Long v. Holowell et al

Filing 151

RECOMMENDED DISPOSITION recommending that 140 Defendants' MOTION for Summary Judgment be granted and the claims against the Defendants be dismissed with prejudice. Objections to R&R due by 10/24/2008. Signed by Magistrate Judge Beth Deere on 10/10/08. (hph)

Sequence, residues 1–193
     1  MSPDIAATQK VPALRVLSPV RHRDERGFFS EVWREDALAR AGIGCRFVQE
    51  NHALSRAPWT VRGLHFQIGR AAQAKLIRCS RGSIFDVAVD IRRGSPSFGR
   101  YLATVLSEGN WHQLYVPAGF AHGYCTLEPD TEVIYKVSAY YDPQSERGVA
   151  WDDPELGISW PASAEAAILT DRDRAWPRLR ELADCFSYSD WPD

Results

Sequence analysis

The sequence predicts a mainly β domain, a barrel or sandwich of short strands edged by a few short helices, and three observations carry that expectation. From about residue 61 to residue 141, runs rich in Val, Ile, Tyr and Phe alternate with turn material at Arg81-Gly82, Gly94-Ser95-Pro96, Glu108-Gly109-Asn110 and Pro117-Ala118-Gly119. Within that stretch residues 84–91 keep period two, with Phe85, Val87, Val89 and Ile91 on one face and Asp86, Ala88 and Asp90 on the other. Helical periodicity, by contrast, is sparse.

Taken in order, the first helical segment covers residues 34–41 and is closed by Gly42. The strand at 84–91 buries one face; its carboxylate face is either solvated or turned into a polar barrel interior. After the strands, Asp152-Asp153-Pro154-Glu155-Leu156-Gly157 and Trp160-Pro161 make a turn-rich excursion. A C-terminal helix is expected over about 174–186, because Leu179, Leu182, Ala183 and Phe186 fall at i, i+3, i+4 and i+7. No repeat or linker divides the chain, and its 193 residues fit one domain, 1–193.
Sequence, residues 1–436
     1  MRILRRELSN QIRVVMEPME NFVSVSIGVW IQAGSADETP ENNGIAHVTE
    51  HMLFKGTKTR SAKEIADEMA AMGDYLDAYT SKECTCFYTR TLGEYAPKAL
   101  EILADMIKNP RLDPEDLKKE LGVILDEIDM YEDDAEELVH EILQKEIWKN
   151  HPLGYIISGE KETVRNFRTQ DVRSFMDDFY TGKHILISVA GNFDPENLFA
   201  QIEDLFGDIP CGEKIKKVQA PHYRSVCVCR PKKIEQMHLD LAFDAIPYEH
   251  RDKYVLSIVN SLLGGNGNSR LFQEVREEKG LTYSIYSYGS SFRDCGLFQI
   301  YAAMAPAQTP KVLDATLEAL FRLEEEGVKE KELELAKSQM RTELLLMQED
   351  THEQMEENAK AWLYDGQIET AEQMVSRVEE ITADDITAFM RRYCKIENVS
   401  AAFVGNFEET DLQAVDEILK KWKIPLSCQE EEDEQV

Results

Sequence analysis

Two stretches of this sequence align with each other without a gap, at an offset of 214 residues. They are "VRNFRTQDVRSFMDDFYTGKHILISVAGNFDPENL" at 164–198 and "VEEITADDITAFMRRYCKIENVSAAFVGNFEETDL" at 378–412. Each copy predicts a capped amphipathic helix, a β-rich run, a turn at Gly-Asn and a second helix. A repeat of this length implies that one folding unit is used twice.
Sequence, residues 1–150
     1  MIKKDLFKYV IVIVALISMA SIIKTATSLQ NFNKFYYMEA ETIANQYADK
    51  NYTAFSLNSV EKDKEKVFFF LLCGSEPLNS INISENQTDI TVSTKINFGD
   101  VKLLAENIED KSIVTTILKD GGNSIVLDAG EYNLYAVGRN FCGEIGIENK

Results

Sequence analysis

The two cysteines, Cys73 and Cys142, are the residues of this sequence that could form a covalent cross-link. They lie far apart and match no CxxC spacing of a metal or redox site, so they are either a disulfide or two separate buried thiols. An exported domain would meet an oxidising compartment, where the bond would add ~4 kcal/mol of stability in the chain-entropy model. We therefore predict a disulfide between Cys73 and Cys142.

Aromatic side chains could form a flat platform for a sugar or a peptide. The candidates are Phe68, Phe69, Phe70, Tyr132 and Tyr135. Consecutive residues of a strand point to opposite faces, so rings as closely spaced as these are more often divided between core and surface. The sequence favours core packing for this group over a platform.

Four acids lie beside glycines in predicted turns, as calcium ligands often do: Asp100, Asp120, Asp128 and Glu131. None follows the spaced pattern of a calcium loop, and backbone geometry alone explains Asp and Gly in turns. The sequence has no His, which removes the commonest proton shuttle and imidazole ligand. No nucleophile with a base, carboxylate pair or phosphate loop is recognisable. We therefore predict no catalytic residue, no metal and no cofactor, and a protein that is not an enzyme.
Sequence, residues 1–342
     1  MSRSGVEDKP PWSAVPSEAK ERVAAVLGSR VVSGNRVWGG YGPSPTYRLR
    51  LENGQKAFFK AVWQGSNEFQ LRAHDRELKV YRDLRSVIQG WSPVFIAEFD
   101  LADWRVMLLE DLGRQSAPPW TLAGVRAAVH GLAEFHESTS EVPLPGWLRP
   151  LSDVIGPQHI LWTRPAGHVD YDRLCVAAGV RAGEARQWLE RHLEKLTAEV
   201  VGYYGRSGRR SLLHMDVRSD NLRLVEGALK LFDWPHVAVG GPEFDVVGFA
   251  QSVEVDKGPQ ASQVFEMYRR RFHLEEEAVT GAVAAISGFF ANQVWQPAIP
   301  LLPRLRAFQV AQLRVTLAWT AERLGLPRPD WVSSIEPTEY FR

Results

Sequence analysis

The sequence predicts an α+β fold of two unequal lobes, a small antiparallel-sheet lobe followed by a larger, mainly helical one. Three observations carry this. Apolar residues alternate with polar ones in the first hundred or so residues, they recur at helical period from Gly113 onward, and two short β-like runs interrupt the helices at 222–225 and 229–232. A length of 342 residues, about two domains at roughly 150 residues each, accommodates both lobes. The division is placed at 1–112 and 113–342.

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IN THE UNITED STATES DISTRICT COURT E A S T E R N DISTRICT OF ARKANSAS N O R T H E R N DIVISION J E F F E R Y LONG A D C # 117341 v. C A S E NO.: 1:07cv00026 SWW/BD DEFENDANTS PLAINTIFF E R I C HOLOWELL, et al. R E C O M M E N D E D DISPOSITION I. P r o c e d u r e for Filing Objections: T h e following recommended disposition has been sent to United States District Ju d g e Susan Webber Wright. Any party may file written objections to this re c o m m e n d a tio n . Objections should be specific and should include the factual or legal b a sis for the objection. If an objection is to a factual finding, specifically identify that f in d in g and the evidence that supports your objection. An original and one copy of your o b je c tio n s must be received in the office of the United States District Court Clerk no later th a n eleven (11) days from the date you receive the Recommended Disposition. A copy w ill be furnished to the opposing party. Failure to file timely objections may result in w a iv e r of the right to appeal questions of fact. M a il your objections and "Statement of Necessity" to: C lerk , United States District Court E a ste rn District of Arkansas 6 0 0 West Capitol Avenue, Suite A-149 L ittle Rock, AR 72201-3325 II. I n tr o d u c tio n : N o w pending is Defendants' Motion for Summary Judgment (#140). Plaintiff has re sp o n d e d (#144, 145, 148). For the following reasons, the Court recommends that the D e f e n d a n ts ' Motion for Summary Judgment (#140) be GRANTED. III. B a c k gro u n d : A f ter numerous amendments and dismissals, the only claims that remain in this law su it are: (A) a claim against Defendant Baird in his individual capacity for deliberate in d if f e re n c e in failing to protect Plaintiff; and (B) a claim against Defendant Meinzer in h is individual capacity for separating Plaintiff from another inmate based on race. O n the evening of November 19, 2006, Correctional Officer Holowell cited P la in tif f for a disciplinary violation. Defendant Baird was the shift supervisor that e v e n in g , and reviewed the disciplinary. After talking to both Officer Holowell and P lain tiff , Defendant Baird decided to place Plaintiff in isolation pending disciplinary c o u rt review. The isolation cells at the North Central Unit ("NCU") of the Arkansas Department o f Correction ("ADC") are two-man cells. Plaintiff was assigned to a cell with inmate A n tw o n e Nichols. Inmate Nichols was in isolation for the same charge as Plaintiff, in s o le n c e to a staff member. Plaintiff and Nichols did not previously know each other an d had never had any disputes or altercations (#143, Ex. 2, 3). According to Plaintiff's c o m p la in t, Nichols made lewd comments and sexually propositioned Plaintiff, touched 2 P la in tif f 's clothed buttocks, and masturbated in front of Plaintiff over the next couple of d a ys . On November 23, 2006, Plaintiff complained to Sergeant Peppers about Nichols' c o n d u c t. After reporting Nichols, Plaintiff was moved to a different cell and Nichols was c h a rg e d with a disciplinary violation. Nichols was placed on Plaintiff's separation list, a n d eventually, on his enemy alert list. The NCU has two primary tools for separating inmates who may pose a threat to e a c h other: separation status and enemy alert. Inmates on separation status at the NCU a re not housed in the same barracks, but may be housed in the same end of the unit, and m a y have chow, recreation, and other activities at the same time. Inmates listed as e n e m ie s cannot be housed in the same end of the unit, and cannot attend recreation f u n c tio n s or work together. On June 5, 2006, Plaintiff was caught passing a note to Inmate Parsons (#143, Ex. 8 ). The note made it clear that Plaintiff and Parsons were involved in a sexual re latio n sh ip . Plaintiff readily admits that he and Parsons were sexually and emotionally in v o lv e d . On June 6, 2006, Defendant Meinzer requested that Warden Banks approve the p lac e m e n t of Plaintiff and Parsons on separation status to discourage their relationship (# 1 4 3 , Ex. 8). On June 7, 2006, Warden Banks approved placement of Plaintiff and P a r so n s on separation status. O n July 11, 2006, a notebook titled "Book of Emotion" was seized from inmate M a u st after Maust complained that Parsons and another inmate assaulted him. Plaintiff 3 a d m its that the book contained writings between Plaintiff and Parsons about their re la tio n s h ip . Plaintiff also admits that some of the writings reference potential violence a g a in s t romantic rivals (#143, Ex 9, p. 143; Ex. 10, p. 78). On February 20, 2007, Nichols was mistakenly moved to the same side of the N C U as Plaintiff. Although not in the same barracks, Plaintiff and Nichols should have re m a in e d on opposite ends of the NCU based on enemy status. On February 22, 2007, P la in tif f complained about Nichols' placement on the same side of the unit as Plaintiff. On the same day, Parsons claimed for the first time that he and Nichols were enemies. Parsons denied being involved in any incident with Niclols, or feeling threatened by N ic h o ls . Based on timing of this request, and the lack of an explanation for it, Defendant M e in z e r believed that Plaintiff and Parsons were attempting to manipulate barracks a ss ig n m e n ts by falsely claiming enemies. Because the NCU has only two ends, having N ic h o ls on both Plaintiff's and Parsons' enemy lists would result in housing Plaintiff and P a rs o n s on the same end of the NCU. In order to prevent placement of Plaintiff and P a rs o n s in close proximity, Defendant Meinzer moved Plaintiff to the other end of the N C U , placed Parsons in isolation, and recommended upgrading Plaintiff's and Parsons' s ta tu s e s from separation to enemy (#143, Ex. 8-E). On March 1, 2007, Plaintiff discovered that inmate Parsons was on his enemy alert list. Plaintiff alleges that Defendant Meinzer has "misused his power and position for his 4 o w n personal agenda" in placing inmate Parson on the enemy alert list. According to P la in tif f , this is based on his "sexuality as a homosexual and [having] a white partner." IV. D is c u s s io n : P la in tif f alleges that Defendant Meinzer separated Plaintiff from inmate Parsons b a se d on race and that Defendant Baird was deliberately indifferent in failing to protect P la in tif f from the assault by inmate Nichols. Plaintiff has failed to support his allegations a n d Defendants are entitled to judgment as a matter of law. A . Equal Protection: T h e Equal Protection Clause of the Fourteenth Amendment prohibits states from in te n tio n a lly discriminating against individuals based on race. Shaw v. Reno, 509 U.S. 6 3 0 , 642, 113 S.Ct. 2816 (1993). "Proof of racially discriminatory intent or purpose is re q u ire d to show a violation of the Equal Protection Clause." City of Cuyahoga Falls v. B u c k e y e Cmty. Hope Found., 538 U.S. 188, 194, 123 S.Ct. 1389 (2003) (citation and in te rn a l quotes omitted). "The heart of an equal protection claim is that similarly situated c la ss e s of inmates are treated differently, and that this difference in treatment bears no ra tio n a l relation to any legitimate penal interest." Weiler v. Purkett, 137 F.3d 1047, 1051 (8 th Cir. 1998) (citing Timm v. Gunter, 917 F.2d 1093, 1103 (8th Cir. 1990). In the present case, Plaintiff has not identified any race-based classification system b y which Defendant Meinzer chose to separate homosexual couples. Plaintiff also has n o t shown that he was treated differently from similarly situated inmates. See Rouse v. 5 B e n so n , 193 F.3d 936, 942 (8th Cir. 1999) (holding that equal protection analysis begins b y asking whether inmate has shown that he has been treated differently than others s im ila rly situated). Plaintiff's claim rests on the allegation that Parsons was placed on P lain tiff 's enemy alert list because Plaintiff is black and Parsons is white. The Court is h a rd pressed to find any support for this allegation. Defendant Meinzer states that he separates inmates based on evidence of h o m o s e x u a l activities, not race. Defendant Meinzer has separated white, black, and m ix e d couples (#143, Ex. 8, p. 7-8). Defendant Mienzer states that most couples placed o n separation status are never upgraded to enemy alert because no further evidence of h o m o se x u a l activity between the inmates is discovered. In one other case, an inmate c o u p le was placed on enemy alert after a physical altercation (#143, Ex. 8). In the present c a se , Defendant Meinzer believed that Plaintiff and Parsons were continuing to pursue th e ir relationship by attempting to manipulate barracks assignments so as to be closer to e a c h other (#143, Ex. 8). To survive summary judgment, Plaintiff must identify affirmative evidence from w h ic h a jury could find proof of a racially discriminatory motive. Lewis v. Jacks, 486 F .3 d 1025, 1028 (8th Cir. 2007) (citing Crawford-El v. Britton, 523 U.S. 574, 600, 118 S .C t. 1584 (1998)). Plaintiff testified that he believed Defendant Meinzer placed Plaintiff a n d Parsons on each other's enemy list based on the "Book of Emotion," letters, and other in f o rm a tio n (#143, Ex. 9, p. 141). In addition, Plaintiff testified that he did not believe 6 th a t race was the main focus of Defendant Meinzer's decision (#143, Ex. 9, p. 142). Instead, Plaintiff stated that Defendant Meinzer placed Parson on Plaintiff's enemy alert lis t due to a personal grudge. Defendant Meinzer never said anything to Plaintiff to make h im believe that race had any impact on Defendant Meinzer's actions (#143, Ex. 13, p. 1 1 3 -1 1 4 , 116). Further, Plaintiff stated that his primary complaint was that Parsons was listed as Plaintiff's enemy when Parsons was not an enemy (#143, Ex. 13, p. 117). In response to the motion for summary judgment, Plaintiff stated that while in is o la tio n , Defendant Meinzer failed to keep Plaintiff and Parsons from talking to each o ther at yard call and occasionally showering at the same time (145-2, p. 2). Plaintiff's a lle g a tio n provides support for Defendant Meinzer's decision to upgrade Plaintiff and P a rs o n s ' status to enemy alert lists. As Defendant Meinzer stated, he was concerned that P la in tif f and Parsons were still pursuing their relationship. It is uncontroverted that Defendant Meinzer had the authority to separate Plaintiff a n d Parsons to discourage their sexually and emotionally charged relationship. The u n d i sp u te d facts in this case, along with Plaintiff's deposition testimony and responses, d o not support a cause of action for violation of Plaintiff's right to Equal Protection. See K lin g e r v. Dept. of Corr., 31 F.3d 727, 733 (8th Cir. 1994) (holding that inmate bringing e q u a l protection claim must show intentional or purposeful discrimination). Accordingly, th e Court recommends dismissal of this claim with prejudice. 7 B . Failure to Protect: It is established law that prison officials have a duty to protect inmates from v io le n c e at the hands of other inmates. Farmer v. Brennan, 511 U.S. 825, 833-34 (1994). Claims of failure to protect are governed by a "deliberate indifference" standard. "[D]eliberate indifference entails something more than mere negligence, the cases are a ls o clear that it is satisfied by something less than acts or omissions for the very purpose o f causing harm or with knowledge that harm will result." Ambrose v. Young, 474 F.3d 1 0 7 0 , 1076 (8th Cir. 2007) (quoting Farmer, 511 U.S. at 835 (1994)). Of course, not e v e ry injury "suffered by one prisoner at the hands of another . . . translates into c o n stitu tio n a l liability for prison officials responsible for the victim's safety." Farmer, 5 1 1 U.S. at 834, 114 S.Ct. at 1977. The duty to protect requires only that prison officials " ta k e reasonable measures to abate substantial risks of serious harm, of which the o f f ic ia ls are aware." Reece v. Groose, 60 F.3d 487, 491 (8th Cir. 1995). Claims under the Eighth Amendment include both an objective and a subjective e le m e n t. The objective element requires a showing that the prisoner was "incarcerated u n d e r conditions posing a substantial risk of serious harm." Farmer, 511 U.S. at 834. The subjective component requires a showing that prison officials were "deliberately in d if f e re n t" to the risk of harm. Id. Deliberate indifference exists only where "the o f f ic ia l knows of and disregards an excessive risk to inmate health or safety; the official 8 m u s t both be aware of facts from which the inference could be drawn that a substantial ris k of serious harm exists, and he must also draw the inference." Id. at 837. In this case, Plaintiff has not shown either the objective or subjective requirements o f a failure to protect claim. Plaintiff testified that he had no reason to believe Nichols w o u ld harass or assault him before they were placed in the same cell (#143, Ex. 3, p. 19). It is difficult to see how Defendant Baird could or should have known of a risk that P la in tif f himself was not aware of. Nichols had no inmates on his separation or enemy lis t, had not committed any sex offenses, and did not have a record of institutional v io le n c e. As soon as Plaintiff told a NCU staff member about Nichols' conduct, the staff m o v e d Plaintiff to another cell and charged Nichols with a disciplinary violation (#143, E x . 3, p. 29). Before leaving Plaintiff in the other cell, the staff asked both Plaintiff and th e other inmate if they had any issue with the other. Both responded that they did not (#1 4 3 , Ex. 3, p. 30). P lain tiff responds to Defendants' arguments by asserting that Defendant Baird k n e w Plaintiff was a homosexual (#144, 24; #145-2, 8; #148, 8). This assertion m ig h t be relevant if Nichols had a history of assaulting homosexual inmates. The u n d i sp u te d facts remain that neither Plaintiff nor Defendant Baird knew of a potential risk o f harm to Plaintiff from Nichols. Nichols' history did not provide any cause for concern th a t an assault would occur. As soon as staff at the NCU were made aware of the assault b y Nichols, Plaintiff was moved to another cell. Based on the undisputed facts, 9 D ef en d an t Baird is entitled to judgment as a matter of law. Accordingly, the Court re c o m m e n d s dismissal of this claim with prejudice. V. C o n c lu s io n : T h e Court recommends that Defendants' Motions for Summary Judgment (#140) b e GRANTED and the claims against the Defendants be DISMISSED with prejudice.. DATED this 10th day of October, 2008. ______________________________________ U N IT E D STATES MAGISTRATE JUDGE 10